Goldman's Oppenheimer Reckons Recession Fears Have Gone Too Far

(Bloomberg) -- The godfather of stocks at Goldman Sachs Group Inc. has reassuring words for investors defying growth angst in the Treasury market to ride the risk rally.

The doom and gloom in bonds is looking stretched, and the U.S. economy may be strong enough to justify further interest-rate increases, according to the bank’s chief global equity strategist.

“If growth isn’t really as bad as people feared -- and that is being reflected in the bounce we’re seeing in credit and equity markets -- I think coming back to some kind of tightening could still come back onto the table,” Peter Oppenheimer said in a Bloomberg Television interview. “What we saw at the end of last year was too much negativity being priced in by investors, predominantly about the fears of a recession.”

Growth concerns have helped to push 10-year Treasury yields close to multi-year lows while relative premiums for longer-dated obligations are at July 2016 levels. By contrast, U.S. equities have added more than $3 trillion this year while the MSCI All-Country World Index is up 10 percent -- suggesting a far more upbeat economic outlook.

The bond-stock divergence is feeding fears that the smart money in Treasuries could prove a lead indicator for the market cycle.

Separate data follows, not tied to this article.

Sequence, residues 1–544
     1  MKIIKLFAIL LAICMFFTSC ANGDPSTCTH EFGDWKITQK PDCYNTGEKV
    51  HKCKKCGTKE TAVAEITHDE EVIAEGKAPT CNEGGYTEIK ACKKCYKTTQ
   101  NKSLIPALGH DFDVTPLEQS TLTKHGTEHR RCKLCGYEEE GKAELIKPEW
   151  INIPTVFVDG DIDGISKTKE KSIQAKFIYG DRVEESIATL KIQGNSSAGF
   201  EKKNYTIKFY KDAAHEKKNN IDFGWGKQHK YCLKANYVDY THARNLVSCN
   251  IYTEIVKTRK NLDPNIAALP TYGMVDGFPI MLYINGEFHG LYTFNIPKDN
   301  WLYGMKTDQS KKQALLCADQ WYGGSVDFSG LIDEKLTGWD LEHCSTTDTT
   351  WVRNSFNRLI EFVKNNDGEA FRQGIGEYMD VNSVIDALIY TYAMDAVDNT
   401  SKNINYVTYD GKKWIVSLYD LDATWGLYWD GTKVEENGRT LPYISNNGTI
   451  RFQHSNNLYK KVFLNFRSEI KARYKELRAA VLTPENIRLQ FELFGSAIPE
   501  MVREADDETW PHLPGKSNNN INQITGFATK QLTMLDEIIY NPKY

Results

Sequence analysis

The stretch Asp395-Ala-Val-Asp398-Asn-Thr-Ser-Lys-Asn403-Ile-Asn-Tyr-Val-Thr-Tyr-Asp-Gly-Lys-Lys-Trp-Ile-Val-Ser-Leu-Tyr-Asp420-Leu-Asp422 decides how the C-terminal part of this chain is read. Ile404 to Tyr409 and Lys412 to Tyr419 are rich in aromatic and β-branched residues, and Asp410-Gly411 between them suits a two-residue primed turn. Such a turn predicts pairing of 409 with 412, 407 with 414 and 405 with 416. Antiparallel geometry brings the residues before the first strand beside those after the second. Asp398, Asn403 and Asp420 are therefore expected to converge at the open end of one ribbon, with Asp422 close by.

“The bond market seems to be on the right side because it’s reflecting the somewhat weaker economic scenario,” said Dirk Thiels, head of investment management at KBC Asset Management NV. “It’s not the economic scenario we have envisaged a couple of months ago; it’s definitely weaker than that, and we’re a bit worried about equities in the coming months.”

All the same, the prospect of easing U.S.-China trade tensions along with the spirited uptick in risk appetite suggest bond valuations are “quite stretched,” according to Oppenheimer.

One note of caution: Further upside in U.S. stocks in the coming months will be limited by moderate profit growth, according to the strategist, reiterating the bank’s house view.

“If we got any resolution to the trade conflict, and that boosted sentiment a bit, we could see a little bit of term premium and rising yields come back into play,” he said.

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